Reproduction pressures and rising fertility explain why women suffered a more rapid decline in dental health than did men as humans transitioned from hunter-and-gatherers to farmers and more sedentary pursuits, says a University of Oregon anthropologist.
The conclusion follows a comprehensive review of records of the frequencies of dental cavities in both prehistoric and living human populations from research done around the world. A driving factor was dramatic changes in female-specific hormones, reports John R. Lukacs, a professor of anthropology who specializes in dental, skeletal and nutritional issues.
His conclusions are outlined in the October issue of Current Anthropology. The study examined the frequency of dental caries (cavities) by sex to show that women typically experience poorer dental health than men. Among research reviewed were studies previously done by Lukacs. Two clinical dental studies published this year (one done in the Philippines, the other in Guatemala) and cited in the paper, Lukacs said, point to the same conclusions and "may provide the mechanism through which the biological differences are mediated."
A change in food production by agrarian societies has been associated with an increase in cavities. Anthropologists have attributed men-women differences to behavioral factors, including a sexual division of labor and dietary preferences. However, Lukacs said, clinical and epidemiological literature from varied ecological and cultural settings reveals a clear picture of the impacts on women's oral health.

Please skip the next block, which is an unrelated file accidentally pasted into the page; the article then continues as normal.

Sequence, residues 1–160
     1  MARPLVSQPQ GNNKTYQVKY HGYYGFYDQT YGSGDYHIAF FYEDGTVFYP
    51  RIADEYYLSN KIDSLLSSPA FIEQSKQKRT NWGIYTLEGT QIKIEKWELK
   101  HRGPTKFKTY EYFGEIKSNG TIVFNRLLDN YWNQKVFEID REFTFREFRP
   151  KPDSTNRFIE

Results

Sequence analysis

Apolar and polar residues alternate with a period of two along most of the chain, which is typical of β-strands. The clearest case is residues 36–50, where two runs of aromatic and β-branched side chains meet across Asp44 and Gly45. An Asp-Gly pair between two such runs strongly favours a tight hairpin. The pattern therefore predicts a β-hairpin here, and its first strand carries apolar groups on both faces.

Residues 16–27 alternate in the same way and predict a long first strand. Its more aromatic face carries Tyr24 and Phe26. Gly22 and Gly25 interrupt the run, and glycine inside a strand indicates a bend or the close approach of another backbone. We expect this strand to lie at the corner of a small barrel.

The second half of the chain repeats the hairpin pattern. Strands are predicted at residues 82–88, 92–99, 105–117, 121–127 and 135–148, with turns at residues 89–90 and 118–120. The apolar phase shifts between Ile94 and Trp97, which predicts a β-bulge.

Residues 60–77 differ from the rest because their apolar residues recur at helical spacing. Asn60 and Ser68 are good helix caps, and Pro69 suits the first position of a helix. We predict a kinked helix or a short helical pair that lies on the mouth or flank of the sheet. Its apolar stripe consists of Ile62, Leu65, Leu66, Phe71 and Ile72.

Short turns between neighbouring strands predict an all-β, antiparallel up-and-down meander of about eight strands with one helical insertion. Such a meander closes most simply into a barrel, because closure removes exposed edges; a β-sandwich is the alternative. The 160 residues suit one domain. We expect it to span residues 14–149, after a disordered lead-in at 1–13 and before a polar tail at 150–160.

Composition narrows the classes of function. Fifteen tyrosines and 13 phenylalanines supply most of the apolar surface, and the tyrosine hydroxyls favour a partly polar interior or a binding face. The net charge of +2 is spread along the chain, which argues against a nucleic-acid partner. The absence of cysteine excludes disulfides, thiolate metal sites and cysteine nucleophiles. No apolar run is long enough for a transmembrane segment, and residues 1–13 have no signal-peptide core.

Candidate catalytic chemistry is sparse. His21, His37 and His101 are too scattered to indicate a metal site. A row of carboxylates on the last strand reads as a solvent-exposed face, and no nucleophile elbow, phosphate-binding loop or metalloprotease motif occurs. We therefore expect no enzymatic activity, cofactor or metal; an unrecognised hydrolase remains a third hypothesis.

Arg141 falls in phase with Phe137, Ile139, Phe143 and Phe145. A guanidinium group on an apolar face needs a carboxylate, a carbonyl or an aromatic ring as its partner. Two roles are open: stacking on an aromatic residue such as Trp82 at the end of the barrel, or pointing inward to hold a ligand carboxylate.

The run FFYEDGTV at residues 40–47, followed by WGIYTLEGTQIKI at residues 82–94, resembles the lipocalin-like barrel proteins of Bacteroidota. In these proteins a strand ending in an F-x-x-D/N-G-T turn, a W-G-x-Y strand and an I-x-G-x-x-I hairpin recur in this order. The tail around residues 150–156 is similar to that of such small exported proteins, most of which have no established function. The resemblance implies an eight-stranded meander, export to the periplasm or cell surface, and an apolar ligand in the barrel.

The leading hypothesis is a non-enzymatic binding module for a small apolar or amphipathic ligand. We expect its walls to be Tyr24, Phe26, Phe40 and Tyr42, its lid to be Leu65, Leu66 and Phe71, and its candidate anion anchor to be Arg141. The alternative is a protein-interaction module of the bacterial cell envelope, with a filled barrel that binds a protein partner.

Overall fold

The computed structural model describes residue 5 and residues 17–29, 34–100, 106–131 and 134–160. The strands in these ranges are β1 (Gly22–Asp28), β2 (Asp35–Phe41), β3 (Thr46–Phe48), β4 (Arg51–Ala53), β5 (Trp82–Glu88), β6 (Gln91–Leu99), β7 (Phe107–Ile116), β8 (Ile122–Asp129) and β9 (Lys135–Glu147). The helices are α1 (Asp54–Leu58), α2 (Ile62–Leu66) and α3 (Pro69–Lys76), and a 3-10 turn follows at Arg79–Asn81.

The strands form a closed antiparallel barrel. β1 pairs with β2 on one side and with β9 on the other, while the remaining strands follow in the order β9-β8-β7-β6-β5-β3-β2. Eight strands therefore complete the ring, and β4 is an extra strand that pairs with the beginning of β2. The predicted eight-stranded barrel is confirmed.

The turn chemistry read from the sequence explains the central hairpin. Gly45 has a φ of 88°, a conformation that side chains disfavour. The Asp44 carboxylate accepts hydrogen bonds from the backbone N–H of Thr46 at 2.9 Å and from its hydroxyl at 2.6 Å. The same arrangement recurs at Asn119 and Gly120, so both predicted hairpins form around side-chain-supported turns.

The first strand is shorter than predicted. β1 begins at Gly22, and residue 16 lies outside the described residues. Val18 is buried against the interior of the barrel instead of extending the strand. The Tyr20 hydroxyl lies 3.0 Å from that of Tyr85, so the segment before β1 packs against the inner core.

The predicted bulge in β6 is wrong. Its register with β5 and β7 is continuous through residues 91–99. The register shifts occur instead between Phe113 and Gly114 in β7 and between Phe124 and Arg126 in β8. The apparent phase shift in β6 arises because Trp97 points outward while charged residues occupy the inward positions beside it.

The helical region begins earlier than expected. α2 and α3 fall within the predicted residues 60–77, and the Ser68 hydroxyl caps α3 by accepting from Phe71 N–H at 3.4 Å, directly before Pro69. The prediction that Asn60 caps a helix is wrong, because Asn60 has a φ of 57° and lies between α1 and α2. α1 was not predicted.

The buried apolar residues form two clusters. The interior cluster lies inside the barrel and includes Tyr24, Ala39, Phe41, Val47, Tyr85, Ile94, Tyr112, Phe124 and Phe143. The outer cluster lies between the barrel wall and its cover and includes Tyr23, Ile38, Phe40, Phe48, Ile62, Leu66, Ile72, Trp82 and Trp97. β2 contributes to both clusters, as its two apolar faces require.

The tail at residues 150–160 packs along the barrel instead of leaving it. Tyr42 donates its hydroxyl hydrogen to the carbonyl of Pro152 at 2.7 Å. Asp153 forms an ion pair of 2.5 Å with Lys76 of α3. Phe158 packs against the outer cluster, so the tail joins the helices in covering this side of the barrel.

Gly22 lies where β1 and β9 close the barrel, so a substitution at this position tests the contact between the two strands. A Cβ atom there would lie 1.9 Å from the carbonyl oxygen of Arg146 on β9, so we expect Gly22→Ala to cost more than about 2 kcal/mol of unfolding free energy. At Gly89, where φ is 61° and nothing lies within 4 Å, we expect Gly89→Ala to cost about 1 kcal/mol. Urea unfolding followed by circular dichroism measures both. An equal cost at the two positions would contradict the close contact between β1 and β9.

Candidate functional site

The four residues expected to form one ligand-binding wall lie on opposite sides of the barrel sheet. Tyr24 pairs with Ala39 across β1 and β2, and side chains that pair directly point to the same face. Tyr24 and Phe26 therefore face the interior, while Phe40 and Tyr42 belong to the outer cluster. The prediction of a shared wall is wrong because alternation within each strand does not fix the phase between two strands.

"The role of female-specific factors has been denied by anthropologists, yet they attain considerable importance in the model proposed here, because the adoption of agriculture is associated with increased sedentism and fertility," Lukacs said. "I argue that the rise of agriculture increased demands on women's reproductive systems, contributing to an increase in fertility that intensified the negative impact of dietary change on women's oral health. The combined impacts of increased fertility, dietary changes and division of labor during the move into agricultural societies contributed to the widespread gender differential observed in dental caries rates today."
Lukacs' meta-analysis looked at both prehistoric anthropological and modern health records. He repeatedly found that increases in cavities go in favor of women in adulthood. Lukacs' review found that women's higher rates of cavities are influenced by three main changes:
Female sex hormones. Citing his own research published in 2006, he notes that these hormones and associated physiological factors can significantly impact cavity formation. A study on animals published in 1954 found that female estrogens, but not male androgens, were correlated to cavity rates. He argues for a cumulative effect of estrogens, including fluctuations at puberty and high levels during pregnancy that both promote cavities and dietary changes.
The biochemical composition and flow rate of saliva. Women produce less saliva than do men, reducing the removal of food residue from the teeth, and that during pregnancies the chemical composition changes, reducing saliva's antimicrobial capacity.
Food cravings, immune response and aversions during pregnancy. Lukacs points to findings that women crave high-energy, sweet foods during the third trimester, as well as an aversion to meat in first trimesters.
How the factors combine to contribute to higher risk of cavities in women as they age is not fully documented or understood, he wrote. "However, if hormonal and physiological factors work in an independent or additive manner, their impact on women's oral health could be significant. The fact that women's caries experience increases with age at a greater rate than men's in diverse ethnic groups from different ecological and cultural settings supports this interpretation."